I am usually unaffected by celebrity deaths, but this time was different. I found out about Philip Seymour Hoffman’s death like most anyone else did: through social media. I immediately started scouring the Internet with hopes that this was one of those fake social-media induced celebrity deaths. The more I searched, the deeper my heart sank. The worst had happened: Hoffman had fallen victim to addiction after years of sobriety.
Even at this point – now a few days after the news – my mind always drifts back to how tragic this is.
I may not be the most appropriate eulogizer for this – I have never seen Capote, the film for which Hoffman earned the “Best Actor” Academy Award – but Hoffman has always entranced me.
In The Master, he plays Lancaster Dodd, a cult leader of a philosophical movement “The Cause,” – a role for which Hoffman received an Oscar nomination, and rightfully so. Hoffman is so charismatic and convincing as he pitches Dodd’s ideas of “processing” and soul cleansing. With Hoffman, it goes beyond acting. He is not pretending to feel these emotions; he truly embraces the psyche of his characters.
One of his lesser-known roles, but more prominent ones by my standards, is that of Art Howe, the Oakland Athletics manager in Moneyball. This is by far my favorite baseball movie, and much is owed to Hoffman. As Billy Beane (the A’s general manager played by Brad Pitt) tries to implement his unconventional strategy to win, Howe continually meets him with resistance. It again bears mentioning how Hoffman embraces his characters. Howe is tired and sick of dealing with Beane’s shenanigans. The tension between two is suffocating each time they are together. Howe never snaps but comes damn near close on more than one occasion.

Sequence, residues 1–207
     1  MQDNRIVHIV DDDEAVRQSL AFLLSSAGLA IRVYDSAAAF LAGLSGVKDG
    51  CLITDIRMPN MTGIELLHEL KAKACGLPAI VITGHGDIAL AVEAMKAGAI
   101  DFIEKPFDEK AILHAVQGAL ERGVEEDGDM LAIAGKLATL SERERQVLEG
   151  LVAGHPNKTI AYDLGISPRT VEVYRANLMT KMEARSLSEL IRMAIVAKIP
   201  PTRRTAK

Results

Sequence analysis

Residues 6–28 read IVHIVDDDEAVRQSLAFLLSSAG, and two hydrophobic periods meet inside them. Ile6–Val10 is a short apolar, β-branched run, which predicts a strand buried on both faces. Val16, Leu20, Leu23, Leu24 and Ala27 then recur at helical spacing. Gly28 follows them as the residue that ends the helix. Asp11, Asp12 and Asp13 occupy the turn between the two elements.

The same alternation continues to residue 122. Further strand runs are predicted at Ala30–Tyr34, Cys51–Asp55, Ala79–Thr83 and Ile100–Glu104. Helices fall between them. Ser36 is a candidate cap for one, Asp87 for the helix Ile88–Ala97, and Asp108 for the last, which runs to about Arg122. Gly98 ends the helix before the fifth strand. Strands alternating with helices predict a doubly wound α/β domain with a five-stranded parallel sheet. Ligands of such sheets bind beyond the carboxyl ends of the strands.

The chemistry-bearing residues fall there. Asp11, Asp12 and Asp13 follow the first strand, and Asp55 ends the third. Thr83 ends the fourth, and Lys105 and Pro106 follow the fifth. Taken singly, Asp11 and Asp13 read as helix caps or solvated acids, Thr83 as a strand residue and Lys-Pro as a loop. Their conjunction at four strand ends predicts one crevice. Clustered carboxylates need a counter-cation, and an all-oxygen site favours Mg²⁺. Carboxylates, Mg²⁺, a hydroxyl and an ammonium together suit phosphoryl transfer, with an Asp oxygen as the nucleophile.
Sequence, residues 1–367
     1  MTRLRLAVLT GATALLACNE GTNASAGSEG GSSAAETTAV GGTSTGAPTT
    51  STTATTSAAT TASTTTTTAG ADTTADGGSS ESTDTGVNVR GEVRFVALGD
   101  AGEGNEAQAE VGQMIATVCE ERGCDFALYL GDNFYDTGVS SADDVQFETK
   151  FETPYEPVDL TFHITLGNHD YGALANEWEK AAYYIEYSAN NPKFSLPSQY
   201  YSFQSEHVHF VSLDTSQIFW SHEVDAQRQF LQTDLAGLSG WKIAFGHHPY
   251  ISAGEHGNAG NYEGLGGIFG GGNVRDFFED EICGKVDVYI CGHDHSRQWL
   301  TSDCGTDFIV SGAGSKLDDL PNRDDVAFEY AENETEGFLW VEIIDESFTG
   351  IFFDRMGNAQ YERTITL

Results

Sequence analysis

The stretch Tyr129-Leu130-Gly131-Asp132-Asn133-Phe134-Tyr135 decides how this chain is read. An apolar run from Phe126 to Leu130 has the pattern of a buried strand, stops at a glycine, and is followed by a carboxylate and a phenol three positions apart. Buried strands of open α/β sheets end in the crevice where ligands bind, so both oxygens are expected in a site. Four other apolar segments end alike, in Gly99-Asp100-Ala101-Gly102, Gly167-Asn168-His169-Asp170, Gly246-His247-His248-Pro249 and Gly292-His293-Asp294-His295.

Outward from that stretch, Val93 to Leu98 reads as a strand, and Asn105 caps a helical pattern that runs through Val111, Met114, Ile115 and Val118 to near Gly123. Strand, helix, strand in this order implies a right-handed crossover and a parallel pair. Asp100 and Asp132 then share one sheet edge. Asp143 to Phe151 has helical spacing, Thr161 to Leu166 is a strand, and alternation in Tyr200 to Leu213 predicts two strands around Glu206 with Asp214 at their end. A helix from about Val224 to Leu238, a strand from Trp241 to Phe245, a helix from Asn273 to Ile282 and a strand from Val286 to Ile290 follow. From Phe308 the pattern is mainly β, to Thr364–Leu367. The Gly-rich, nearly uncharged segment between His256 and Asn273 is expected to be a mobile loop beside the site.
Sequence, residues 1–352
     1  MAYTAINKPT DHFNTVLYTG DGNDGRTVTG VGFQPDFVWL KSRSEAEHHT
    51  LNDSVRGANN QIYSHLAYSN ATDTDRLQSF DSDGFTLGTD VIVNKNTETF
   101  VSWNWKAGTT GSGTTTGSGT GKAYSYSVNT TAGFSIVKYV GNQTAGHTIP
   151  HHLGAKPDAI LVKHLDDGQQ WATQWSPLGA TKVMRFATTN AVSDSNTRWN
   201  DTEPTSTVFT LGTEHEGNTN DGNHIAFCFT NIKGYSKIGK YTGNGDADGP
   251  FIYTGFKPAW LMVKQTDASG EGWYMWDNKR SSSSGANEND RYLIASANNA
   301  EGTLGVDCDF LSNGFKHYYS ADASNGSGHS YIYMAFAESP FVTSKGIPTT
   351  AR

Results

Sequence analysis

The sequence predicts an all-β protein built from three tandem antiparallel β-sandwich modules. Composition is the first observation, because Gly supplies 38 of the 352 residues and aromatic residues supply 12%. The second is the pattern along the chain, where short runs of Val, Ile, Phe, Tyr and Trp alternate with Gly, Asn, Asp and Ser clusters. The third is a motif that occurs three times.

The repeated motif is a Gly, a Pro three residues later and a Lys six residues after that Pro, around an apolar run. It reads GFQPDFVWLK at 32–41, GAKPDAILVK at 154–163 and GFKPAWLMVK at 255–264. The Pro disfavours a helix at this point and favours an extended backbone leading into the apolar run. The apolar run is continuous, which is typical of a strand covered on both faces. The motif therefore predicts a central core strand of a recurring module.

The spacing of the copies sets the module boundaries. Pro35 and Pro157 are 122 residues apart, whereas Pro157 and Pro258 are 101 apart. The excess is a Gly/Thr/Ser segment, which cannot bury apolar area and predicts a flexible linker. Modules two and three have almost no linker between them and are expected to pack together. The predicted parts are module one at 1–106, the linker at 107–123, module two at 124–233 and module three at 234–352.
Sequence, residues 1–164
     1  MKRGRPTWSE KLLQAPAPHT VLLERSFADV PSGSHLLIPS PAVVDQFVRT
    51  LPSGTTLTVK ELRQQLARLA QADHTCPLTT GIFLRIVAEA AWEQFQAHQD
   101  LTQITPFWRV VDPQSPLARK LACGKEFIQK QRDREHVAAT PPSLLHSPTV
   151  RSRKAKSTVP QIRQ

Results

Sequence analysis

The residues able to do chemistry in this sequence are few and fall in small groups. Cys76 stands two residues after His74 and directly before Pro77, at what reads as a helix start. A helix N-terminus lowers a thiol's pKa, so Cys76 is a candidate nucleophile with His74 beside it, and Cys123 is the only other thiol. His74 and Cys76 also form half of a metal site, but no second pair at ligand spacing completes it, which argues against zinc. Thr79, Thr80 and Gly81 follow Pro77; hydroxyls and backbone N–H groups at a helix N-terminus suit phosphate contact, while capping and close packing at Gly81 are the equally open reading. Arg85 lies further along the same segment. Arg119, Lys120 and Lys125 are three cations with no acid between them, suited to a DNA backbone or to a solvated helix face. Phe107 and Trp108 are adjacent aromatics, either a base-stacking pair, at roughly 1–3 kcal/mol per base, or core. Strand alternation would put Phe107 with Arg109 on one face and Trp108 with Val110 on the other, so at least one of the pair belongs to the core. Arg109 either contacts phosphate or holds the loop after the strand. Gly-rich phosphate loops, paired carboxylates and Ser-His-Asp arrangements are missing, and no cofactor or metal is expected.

Another role I keep coming back to is Sandy Lyle in Along Came Polly. Whether you’re laughing at or with him in this film, Hoffman wins. Not the best film he, Ben Stiller or Jennifer Aniston has made, but I feel I am speaking for a few people when I say I am not changing the channel if it’s on TV. It just shows that no role was below him. And, as many of his movies go, he was the star without being the star of the film.
Tragically, Hoffman is survived by his three children and significant other of 15 years. He had been over 20 years sober before relapsing last year.
I believe to call Hoffman an “actor” is unfulfilling. He didn’t just act; he felt. He became the emotions we see on screen. He put those emotions inside me. And for that, I say, Hoffman was truly one of the best performers of a generation and will be missed greatly.